Clio Logo
This National Historic Landmark was the home of Harriet Beecher Stowe, author of Uncle Tom's Cabin, for the last 23 years of her life. The house is part of the Harriet Beecher Stowe Center which preserves the house and center's collections. The research library includes letters and documents from the family. The house includes original items from the family. In addition to the Stowe House, the historic site includes an 1873 carriage house (the visitor's center) and the Katharine Seymour Day House (1884).

Beard, Art, Book, Facial hair

Harriet Beecher was born June 14, 1811 in Litchfield, Connecticut. One of eleven siblings, she showed early literary interest and took part in lively debates with her siblings. She received formal education at Sarah Pierce's Academy. Later, Harriet would study and eventually teach at the Hartford Female Seminary, founded by her sister, Catherine.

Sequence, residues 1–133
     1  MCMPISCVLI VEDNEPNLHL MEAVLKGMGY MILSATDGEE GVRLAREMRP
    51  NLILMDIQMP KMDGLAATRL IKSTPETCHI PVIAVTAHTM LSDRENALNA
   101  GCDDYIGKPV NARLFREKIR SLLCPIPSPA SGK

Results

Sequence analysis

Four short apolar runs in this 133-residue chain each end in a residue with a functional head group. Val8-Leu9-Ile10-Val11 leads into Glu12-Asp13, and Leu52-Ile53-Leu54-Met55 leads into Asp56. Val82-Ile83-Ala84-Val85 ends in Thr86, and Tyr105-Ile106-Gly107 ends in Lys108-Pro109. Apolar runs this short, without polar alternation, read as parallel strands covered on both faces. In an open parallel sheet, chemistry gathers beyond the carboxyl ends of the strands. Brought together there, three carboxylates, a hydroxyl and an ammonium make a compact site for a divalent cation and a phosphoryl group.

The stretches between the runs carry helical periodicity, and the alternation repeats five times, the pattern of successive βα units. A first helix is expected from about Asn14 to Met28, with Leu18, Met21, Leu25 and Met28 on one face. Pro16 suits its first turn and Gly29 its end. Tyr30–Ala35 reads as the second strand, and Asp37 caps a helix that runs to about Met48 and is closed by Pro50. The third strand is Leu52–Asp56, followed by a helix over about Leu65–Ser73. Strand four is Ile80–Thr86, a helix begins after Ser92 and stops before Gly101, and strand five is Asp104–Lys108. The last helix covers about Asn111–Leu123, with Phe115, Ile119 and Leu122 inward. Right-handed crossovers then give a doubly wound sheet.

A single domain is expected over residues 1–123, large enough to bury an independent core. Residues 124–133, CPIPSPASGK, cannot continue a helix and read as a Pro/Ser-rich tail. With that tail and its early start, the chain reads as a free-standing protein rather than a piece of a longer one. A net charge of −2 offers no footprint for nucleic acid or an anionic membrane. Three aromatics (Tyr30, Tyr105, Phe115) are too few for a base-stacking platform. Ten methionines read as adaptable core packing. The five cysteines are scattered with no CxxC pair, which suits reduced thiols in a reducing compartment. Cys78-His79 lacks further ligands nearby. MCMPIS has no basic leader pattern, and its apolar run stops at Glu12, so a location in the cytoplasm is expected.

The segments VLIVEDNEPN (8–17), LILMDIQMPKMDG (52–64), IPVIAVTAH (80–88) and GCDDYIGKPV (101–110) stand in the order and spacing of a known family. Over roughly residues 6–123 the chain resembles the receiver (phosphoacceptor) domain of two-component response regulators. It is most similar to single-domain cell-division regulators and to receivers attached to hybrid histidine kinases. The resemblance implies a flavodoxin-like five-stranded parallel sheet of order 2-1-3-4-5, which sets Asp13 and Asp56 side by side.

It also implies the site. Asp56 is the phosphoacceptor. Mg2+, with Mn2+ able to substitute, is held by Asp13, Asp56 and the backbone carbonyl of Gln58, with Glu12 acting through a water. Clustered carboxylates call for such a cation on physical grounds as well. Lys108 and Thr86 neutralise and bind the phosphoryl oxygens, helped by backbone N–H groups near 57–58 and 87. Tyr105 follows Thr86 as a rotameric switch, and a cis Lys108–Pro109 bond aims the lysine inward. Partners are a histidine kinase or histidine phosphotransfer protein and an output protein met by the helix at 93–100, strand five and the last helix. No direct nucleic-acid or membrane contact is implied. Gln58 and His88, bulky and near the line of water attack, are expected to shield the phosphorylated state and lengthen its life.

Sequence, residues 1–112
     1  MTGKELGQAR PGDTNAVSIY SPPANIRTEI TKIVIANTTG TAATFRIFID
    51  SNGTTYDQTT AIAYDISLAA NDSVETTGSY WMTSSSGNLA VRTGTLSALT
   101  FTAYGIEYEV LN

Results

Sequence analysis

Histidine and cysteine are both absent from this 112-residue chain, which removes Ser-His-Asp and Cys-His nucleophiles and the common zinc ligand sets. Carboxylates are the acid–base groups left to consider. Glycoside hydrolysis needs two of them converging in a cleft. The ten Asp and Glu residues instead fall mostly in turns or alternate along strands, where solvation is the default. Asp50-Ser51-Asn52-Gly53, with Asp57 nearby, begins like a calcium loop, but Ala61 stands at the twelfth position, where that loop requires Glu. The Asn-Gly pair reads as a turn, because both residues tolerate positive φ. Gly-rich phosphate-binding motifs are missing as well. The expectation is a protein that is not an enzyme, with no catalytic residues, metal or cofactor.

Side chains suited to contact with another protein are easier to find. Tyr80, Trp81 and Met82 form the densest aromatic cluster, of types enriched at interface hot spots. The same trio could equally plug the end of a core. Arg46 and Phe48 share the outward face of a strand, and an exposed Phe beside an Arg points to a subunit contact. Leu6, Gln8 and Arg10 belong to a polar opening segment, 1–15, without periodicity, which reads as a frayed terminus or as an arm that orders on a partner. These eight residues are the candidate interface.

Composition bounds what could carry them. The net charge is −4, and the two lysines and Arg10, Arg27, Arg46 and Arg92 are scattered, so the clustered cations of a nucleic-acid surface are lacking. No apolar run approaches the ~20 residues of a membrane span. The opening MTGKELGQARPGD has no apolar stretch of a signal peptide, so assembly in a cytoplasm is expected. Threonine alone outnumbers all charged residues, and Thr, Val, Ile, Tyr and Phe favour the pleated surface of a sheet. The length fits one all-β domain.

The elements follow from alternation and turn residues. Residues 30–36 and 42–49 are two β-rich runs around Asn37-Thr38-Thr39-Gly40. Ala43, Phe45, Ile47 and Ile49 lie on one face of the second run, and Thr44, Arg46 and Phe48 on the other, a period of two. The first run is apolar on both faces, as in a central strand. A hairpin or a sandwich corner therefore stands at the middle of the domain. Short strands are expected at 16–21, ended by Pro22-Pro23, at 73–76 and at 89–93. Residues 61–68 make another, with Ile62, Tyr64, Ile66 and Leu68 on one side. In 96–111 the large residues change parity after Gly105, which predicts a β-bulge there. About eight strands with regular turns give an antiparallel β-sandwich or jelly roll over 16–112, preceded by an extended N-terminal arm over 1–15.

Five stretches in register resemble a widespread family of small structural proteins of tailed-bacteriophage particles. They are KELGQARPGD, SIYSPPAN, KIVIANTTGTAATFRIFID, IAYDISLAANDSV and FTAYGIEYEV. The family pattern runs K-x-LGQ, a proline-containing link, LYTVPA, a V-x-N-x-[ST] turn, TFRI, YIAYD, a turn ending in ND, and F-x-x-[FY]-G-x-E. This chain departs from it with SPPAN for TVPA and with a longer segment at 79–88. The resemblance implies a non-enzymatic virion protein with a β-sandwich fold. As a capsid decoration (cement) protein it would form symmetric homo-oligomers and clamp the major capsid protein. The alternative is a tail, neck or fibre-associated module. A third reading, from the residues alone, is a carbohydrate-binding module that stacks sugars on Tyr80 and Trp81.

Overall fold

At age 21, Harriet Beecher moved with her family to Cincinnati, Ohio as her father had been appointed President of Lane Theological Seminary. Here, she met and married Professor Calvin Stowe.

In her adult life, Beecher Stowe would spend time living in Maine and Florida, before settling in Hartford, Connecticut.

Although she is most well known for her novel Uncle Tom's Cabin, Stowe wrote thirty novels in her lifetime, along with several short stories, poems, and songs.

The Harriet Beecher Stowe Center is a "nontraditional" museum, where visitors are encouraged to interact with their tour guides.

The Center also offers a virtual 40-minute program for school groups.

"Meet the Beecher Family." Harriet Beecher Stowe House. Accessed May 14, 2018.

"Uncle Tom's Cabin." Harriet Beecher Stowe House. Accessed May 14, 2018.

Life, Harriet Beecher Stowe Center. Accessed March 1st 2021.